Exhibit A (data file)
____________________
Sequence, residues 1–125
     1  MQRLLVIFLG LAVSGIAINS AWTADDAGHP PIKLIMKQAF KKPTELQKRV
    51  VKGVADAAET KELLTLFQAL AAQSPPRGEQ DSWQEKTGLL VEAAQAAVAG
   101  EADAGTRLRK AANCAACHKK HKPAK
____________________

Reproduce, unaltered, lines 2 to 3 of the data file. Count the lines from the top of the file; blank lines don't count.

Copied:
     1  MQRLLVIFLG LAVSGIAINS AWTADDAGHP PIKLIMKQAF KKPTELQKRV
    51  VKGVADAAET KELLTLFQAL AAQSPPRGEQ DSWQEKTGLL VEAAQAAVAG